The Washington PostDemocracy Dies in Darkness

Bills reporters aren’t tweeting about who made that interception because rules

One of these Bills quarterbacks — Cardale Jones (7), Tyrod Taylor (5) and EJ Manuel (3) — may or may not have thrown an interception, according to media reports. (Bill Wippert/Associated Press)
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When the Buffalo Bills began their organized team activities this week, they had a treat for the team’s reporters. A new set of guidelines prohibited media members from noting such seemingly noteworthy on-field moments as who dropped a pass, had one intercepted or is rushing the passer.

Bills become latest NFL team to institute absurdly restrictive media policy

Never mind that it’s still May, several months away from anything resembling meaningful football, and that tweets and stories about practices have never been shown to have an effect on the outcome of anything. But apparently out of some sort of concern that it might get embarrassed, or have some crucial information given away that might impact its ability to make the playoffs for the first time since 1999, Buffalo was determined to restrict how specific reporters could get about what they saw.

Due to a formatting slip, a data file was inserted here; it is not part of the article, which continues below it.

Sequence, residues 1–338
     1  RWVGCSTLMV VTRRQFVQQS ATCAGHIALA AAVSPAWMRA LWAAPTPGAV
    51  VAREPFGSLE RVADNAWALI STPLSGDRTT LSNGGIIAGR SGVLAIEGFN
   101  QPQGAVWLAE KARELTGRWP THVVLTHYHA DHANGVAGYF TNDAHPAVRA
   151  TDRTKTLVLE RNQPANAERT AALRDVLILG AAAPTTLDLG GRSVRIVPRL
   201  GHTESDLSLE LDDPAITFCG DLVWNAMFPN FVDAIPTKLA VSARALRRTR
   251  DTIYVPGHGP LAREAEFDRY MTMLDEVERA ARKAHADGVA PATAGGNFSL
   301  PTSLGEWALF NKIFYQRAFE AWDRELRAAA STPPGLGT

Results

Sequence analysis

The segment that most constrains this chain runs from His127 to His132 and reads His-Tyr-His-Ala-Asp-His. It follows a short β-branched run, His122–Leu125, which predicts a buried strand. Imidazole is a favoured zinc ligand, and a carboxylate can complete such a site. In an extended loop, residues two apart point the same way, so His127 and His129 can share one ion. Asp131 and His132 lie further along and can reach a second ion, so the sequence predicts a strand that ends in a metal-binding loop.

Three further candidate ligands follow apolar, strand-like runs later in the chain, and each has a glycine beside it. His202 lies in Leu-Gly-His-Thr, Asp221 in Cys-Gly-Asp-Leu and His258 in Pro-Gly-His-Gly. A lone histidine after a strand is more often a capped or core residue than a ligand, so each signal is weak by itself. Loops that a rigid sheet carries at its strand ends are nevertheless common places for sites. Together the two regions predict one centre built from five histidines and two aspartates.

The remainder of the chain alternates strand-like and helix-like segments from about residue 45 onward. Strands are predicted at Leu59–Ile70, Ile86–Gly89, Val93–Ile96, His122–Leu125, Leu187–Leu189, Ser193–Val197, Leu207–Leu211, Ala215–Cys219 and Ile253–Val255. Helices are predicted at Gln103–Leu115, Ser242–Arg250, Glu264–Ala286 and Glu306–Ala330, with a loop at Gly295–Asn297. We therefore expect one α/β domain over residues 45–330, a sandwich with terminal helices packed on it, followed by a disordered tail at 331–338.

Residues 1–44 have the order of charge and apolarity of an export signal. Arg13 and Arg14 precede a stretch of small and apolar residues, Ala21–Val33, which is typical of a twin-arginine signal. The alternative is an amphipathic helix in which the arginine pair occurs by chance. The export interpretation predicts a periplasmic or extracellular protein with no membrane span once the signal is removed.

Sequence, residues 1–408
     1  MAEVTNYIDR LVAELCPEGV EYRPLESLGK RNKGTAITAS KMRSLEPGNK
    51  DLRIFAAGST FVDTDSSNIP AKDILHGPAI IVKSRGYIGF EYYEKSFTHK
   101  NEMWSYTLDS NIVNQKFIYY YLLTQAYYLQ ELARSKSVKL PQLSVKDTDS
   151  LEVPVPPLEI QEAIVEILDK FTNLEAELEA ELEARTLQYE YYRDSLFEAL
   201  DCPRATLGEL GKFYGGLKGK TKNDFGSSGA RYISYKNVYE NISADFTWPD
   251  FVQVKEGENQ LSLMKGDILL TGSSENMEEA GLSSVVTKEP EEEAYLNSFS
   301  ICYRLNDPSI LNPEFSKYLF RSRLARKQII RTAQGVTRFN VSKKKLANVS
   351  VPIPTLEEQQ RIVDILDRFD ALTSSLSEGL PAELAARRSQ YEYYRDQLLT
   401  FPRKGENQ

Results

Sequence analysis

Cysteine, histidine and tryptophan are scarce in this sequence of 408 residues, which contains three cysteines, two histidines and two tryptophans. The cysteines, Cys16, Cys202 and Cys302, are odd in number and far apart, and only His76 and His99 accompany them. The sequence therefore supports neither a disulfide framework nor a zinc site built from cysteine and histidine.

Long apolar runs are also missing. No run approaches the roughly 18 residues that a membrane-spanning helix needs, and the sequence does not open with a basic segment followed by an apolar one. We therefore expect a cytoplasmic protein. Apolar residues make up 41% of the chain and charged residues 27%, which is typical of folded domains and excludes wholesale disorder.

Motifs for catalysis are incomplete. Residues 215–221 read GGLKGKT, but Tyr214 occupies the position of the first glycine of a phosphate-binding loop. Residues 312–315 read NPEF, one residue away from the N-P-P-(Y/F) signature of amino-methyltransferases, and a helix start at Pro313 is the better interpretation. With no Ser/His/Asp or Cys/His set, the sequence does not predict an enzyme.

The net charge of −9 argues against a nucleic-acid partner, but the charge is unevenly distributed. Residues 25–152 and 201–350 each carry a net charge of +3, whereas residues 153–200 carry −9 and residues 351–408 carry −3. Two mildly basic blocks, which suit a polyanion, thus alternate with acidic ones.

That left many Bills reporters little choice but to post tweets that pointed out the absurdity of the teams’ new policy. Here are just of their amusing efforts:

The local reporters in Buffalo weren’t the only ones who had an issue with the Bills’ new policy. It drew national attention — and ridicule — with ESPN’s Adam Schefter calling it “draconian” and “a complete waste of time.”

Many noted that the Bills clearly didn’t mind if reporters specified who, say, caught a touchdown pass or broke off a big run, so the attempt to limit information on players’ mistakes appeared ludicrously thin-skinned and controlling. Meanwhile, one of Buffalo’s players had his own fun with it.

Bills GM: Used ‘poor choice of words’ when discussing violent nature of football